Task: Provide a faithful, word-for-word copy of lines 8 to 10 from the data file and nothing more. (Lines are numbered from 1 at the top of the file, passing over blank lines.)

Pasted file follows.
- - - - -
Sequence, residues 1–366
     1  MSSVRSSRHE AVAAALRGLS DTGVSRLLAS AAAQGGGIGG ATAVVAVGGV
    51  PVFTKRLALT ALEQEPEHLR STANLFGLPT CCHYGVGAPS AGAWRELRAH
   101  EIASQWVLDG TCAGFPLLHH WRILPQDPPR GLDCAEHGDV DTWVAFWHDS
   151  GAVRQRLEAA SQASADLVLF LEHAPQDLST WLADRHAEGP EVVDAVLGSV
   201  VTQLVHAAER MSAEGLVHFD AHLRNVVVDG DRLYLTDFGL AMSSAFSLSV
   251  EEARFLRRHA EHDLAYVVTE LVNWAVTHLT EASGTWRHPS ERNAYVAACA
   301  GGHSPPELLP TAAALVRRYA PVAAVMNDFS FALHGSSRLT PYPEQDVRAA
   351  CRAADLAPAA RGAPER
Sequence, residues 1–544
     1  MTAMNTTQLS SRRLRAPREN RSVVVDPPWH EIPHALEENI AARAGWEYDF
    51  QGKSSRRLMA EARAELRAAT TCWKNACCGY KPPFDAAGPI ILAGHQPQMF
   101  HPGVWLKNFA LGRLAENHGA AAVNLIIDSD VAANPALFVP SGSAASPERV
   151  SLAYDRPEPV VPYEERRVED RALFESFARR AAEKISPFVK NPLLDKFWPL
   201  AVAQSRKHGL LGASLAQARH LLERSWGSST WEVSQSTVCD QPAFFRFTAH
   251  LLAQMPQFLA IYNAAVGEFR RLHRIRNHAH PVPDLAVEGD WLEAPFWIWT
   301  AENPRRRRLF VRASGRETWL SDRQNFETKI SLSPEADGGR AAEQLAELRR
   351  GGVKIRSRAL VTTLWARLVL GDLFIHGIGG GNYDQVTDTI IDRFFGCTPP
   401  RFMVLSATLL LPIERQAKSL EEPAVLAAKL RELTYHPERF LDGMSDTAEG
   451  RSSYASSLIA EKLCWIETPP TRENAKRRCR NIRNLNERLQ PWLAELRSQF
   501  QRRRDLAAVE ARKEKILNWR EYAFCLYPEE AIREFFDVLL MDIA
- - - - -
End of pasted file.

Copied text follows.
   301  GGHSPPELLP TAAALVRRYA PVAAVMNDFS FALHGSSRLT PYPEQDVRAA
   351  CRAADLAPAA RGAPER
Sequence, residues 1–544